NB: I did not mix these ingredients into the rice. I also added some additional toppings: olives, capers and sweet paprika.

 

Serve immediately with a green salad or green beans if desired.

NB: I forgot to cook my beans! 😦

Enjoy!

 

 Refrigerate any leftovers in a resealable container (ideally within an hour after cooking); reheat and consume within 1-2 days.

NB: When reheating, always check to make sure the rice is steaming hot all the way through and do not reheat the rice more than once. 

 

If preferred…

  • Try using lentils or some soya, broad, kidney or aduki beans instead of tofu.
  • Vary your veggies! Try using: fresh chillies, green beans, carrots, leek, kale, courgette or maybe even some cumin seeds, fenugreek or sultanas to the rice instead.
  • I used a neutral curry spice mix, but feel free to make it as spicy as you desire!
  • To reduce the fat, use less tofu and omit the cashews; use a few flaked almonds instead.
  • If you are not vegan/vegetarain, try using a bit of some poached haddock, mackerel, salmon or eggs to the dish.

Vegan Sicilian Pasta With Chickpeas

Healthy Recipes

Serves: 2
Prep & Cooking time: 20 minutes

Recipe adapted from: fatfreevegan

Notes: This recipe contains: Vitamin A, B-Vitamins, Vitamin C, protein, fibre, potassium, iron, no added sugar and is low in saturated fats!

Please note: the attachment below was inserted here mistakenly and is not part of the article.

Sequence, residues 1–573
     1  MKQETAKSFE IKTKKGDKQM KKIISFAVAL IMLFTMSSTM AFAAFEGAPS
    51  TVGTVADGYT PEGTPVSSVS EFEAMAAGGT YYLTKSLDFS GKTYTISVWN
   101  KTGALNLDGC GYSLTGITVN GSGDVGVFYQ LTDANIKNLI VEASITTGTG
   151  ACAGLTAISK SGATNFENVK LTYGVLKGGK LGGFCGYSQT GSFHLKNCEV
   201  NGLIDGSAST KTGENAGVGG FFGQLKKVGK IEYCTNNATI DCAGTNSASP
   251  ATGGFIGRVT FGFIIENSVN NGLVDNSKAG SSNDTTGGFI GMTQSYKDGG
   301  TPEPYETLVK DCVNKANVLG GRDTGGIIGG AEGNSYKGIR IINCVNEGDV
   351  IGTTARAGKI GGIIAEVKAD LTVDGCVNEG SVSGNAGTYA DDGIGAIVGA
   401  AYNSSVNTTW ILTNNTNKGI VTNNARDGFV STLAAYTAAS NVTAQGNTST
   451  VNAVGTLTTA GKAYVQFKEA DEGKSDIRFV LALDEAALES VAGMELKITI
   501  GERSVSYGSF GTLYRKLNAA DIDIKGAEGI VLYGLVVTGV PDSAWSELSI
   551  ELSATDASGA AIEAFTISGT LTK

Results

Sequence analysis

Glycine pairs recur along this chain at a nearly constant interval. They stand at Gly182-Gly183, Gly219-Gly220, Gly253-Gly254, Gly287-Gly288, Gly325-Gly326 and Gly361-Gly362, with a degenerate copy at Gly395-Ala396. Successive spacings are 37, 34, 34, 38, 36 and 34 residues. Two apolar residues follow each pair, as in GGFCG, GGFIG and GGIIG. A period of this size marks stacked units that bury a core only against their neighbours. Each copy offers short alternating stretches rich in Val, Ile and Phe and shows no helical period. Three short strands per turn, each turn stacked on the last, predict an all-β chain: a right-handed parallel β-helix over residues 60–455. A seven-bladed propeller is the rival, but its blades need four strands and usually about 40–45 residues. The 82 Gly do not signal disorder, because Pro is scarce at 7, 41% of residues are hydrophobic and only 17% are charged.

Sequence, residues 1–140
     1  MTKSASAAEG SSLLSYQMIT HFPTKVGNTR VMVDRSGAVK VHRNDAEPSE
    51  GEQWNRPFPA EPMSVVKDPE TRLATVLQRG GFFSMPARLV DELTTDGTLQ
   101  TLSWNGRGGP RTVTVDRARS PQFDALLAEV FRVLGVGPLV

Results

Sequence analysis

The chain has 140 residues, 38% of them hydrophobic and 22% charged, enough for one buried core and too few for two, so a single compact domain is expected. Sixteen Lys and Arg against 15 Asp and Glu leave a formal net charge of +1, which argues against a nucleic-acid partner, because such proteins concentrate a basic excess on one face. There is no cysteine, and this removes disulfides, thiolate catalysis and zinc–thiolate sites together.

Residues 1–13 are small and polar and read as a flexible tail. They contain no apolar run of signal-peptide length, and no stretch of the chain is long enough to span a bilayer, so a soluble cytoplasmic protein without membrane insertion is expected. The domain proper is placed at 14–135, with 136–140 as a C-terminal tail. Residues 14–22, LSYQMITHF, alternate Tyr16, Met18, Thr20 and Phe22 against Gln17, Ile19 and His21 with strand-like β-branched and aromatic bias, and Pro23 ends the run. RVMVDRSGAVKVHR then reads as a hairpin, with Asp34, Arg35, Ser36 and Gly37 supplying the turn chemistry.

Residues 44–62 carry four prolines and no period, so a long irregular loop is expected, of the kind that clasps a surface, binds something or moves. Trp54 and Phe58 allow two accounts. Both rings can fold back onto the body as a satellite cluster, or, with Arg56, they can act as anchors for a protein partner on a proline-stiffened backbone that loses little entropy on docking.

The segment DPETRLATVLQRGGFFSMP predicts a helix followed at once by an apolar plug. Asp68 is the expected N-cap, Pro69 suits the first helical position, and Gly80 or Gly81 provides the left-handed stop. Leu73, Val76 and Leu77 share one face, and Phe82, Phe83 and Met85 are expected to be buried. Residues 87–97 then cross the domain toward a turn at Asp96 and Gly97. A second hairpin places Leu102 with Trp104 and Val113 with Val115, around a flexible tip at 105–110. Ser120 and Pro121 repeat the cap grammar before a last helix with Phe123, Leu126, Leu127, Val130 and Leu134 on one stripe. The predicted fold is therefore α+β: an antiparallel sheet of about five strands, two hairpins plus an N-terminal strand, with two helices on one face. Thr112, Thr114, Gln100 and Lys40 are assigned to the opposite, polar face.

From what I’ve read, Sicilian pastas dishes include cheap, simple and tasty ingredients! This recipe is very fresh, light and it’s easy to execute! The orange and chilli flavours work beautifully together and it’s a nice change from dense tomato, pesto or creamy pastas.

Quick fact: The corn-based pasta and the chickpeas provide a nice bit of ‘protein combining’ action!

 

Ingredients:

+++++++++++++++++++++++++130g   GF Spaghetti
+++++++++++++++++++++++++400g   Tin Chickpeas (in water)
+++++++++++++++++++++++++16g     Garlic cloves
+++++++++++++++++++++++++140g   Red onion
+++++++++++++++++++++++++             1 Large orange (zest and juice)
+++++++++++++++++++++++++220g   Baby plum tomatoes
+++++++++++++++++++++++++40g     Black olives